AmazonFresh Exiting Certain Suburban Areas; Expect Whole Foods, Prime To Now Fill The Void
Home delivery remains the most complex and costliest option for food retailers. To wit: Peapod and Fresh Direct, which have been in the business since the last millennium, have yet to become profitable.
So, it wasn’t too surprising to learn that AmazonFresh is scaling back its coverage in several key markets, some of which it entered less than a year ago. But parent firm amazon.com emphasized that it is not giving up on its fresh delivery portal, it is merely reducing the number of zip codes it will serve in several states (in the Mid-Atlantic and Northeast, those include Connecticut, Delaware, Pennsylvania, Maryland, Massachusetts, New York, New Jersey and Virginia) while continuing to deliver perishables in parts of all those states.
Of note also is that amazon.com continues to build fulfillment centers to support fresh deliveries nationwide.
To this reporter, it seems that AmazonFresh isn’t going away – it’s likely to be repurposed into other Amazon formats.
One of those up-and-coming portals is the company’s Amazon Prime Now, which promises grocery and restaurant deliveries within a two-hour window and also offers perishables in its catalogue. Currently available in about a dozen markets including Baltimore, Washington, DC and New York City, Prime Now is also being tested in other markets, as well, including Richmond.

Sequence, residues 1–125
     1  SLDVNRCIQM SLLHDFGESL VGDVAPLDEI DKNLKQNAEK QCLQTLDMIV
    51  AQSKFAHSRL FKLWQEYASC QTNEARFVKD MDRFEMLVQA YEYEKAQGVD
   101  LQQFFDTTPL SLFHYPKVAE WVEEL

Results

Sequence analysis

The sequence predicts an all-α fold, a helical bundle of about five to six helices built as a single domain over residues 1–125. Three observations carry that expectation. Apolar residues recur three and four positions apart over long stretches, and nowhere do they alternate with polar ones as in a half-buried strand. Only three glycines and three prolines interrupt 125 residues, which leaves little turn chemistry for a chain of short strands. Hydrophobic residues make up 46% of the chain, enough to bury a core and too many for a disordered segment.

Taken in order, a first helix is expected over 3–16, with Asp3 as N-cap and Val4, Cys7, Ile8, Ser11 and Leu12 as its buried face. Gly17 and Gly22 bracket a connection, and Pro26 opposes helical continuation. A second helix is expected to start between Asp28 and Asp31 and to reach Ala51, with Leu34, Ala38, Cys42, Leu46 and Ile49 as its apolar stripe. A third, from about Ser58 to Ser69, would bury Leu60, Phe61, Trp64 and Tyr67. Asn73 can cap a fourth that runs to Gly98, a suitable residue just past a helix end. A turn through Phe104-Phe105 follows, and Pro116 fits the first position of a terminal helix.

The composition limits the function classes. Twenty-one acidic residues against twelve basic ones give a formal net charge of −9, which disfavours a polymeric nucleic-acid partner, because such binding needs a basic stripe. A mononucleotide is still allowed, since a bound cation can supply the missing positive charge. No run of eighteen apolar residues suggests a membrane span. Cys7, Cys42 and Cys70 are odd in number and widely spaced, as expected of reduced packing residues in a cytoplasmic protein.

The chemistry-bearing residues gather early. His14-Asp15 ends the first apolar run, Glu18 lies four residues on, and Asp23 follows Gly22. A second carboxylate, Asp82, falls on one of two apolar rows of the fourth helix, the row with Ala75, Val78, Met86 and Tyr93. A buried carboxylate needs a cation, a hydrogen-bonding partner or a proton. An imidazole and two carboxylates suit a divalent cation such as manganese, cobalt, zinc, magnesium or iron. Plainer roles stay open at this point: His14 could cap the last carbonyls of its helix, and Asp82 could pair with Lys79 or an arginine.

It’s clear amazon.com believes that its $99 per-year Prime subscription service is one of the foundations of its go-to-market approach. And Prime Now is available to all Prime members, who now total more than 80 million nationally. Moreover, when compared to AmazonFresh, which charges an additional $14.99 per month on top of the Prime annual fee, Prime Now seems like it will be the perishables-driven silo that will be prioritized.
And then there’s the future role of Whole Foods Markets, where amazon.com has barely scratched the surface. I had an opportunity to visit the busy and impressive WFM flagship store in Austin, TX last month and, other than point-of-sale signage marketing lower prices (fewer than 100 items), there wasn’t much evidence that a new sheriff was in town.
That will change soon.
Other than the utilization of selling a proprietary brand (365) through its vast distribution network, a bigger opportunity lies in utilizing Whole Foods’ more than 450 stores as both mobile delivery hubs and click & collect centers. While Instacart has WFM’s delivery business currently, its contract expires in 2021. Look for that business to be integrated into a re-engineered AmazonFresh/Prime Now.
The entire integration of Whole Foods into amazon.com won’t be without its bumps given the ferocity of competition in a traditionally low-margin business.
However, amazon.com has the benefit of time, talent, seemingly unlimited funds with which to experiment, and a 44 percent share of all e-commerce business in the U.S. (according to eMarketer) as well as the adoration of Wall Street which thinks the Seattle juggernaut can’t do much wrong. In fact, that reputation has been earned, because amazon.com’s “hits” over the past decade have significantly outweighed its “misses.”
And if this current scaling back of its AmazonFresh grocery business can be counted as a “miss,” I’m betting that a new “hit” will surface very soon.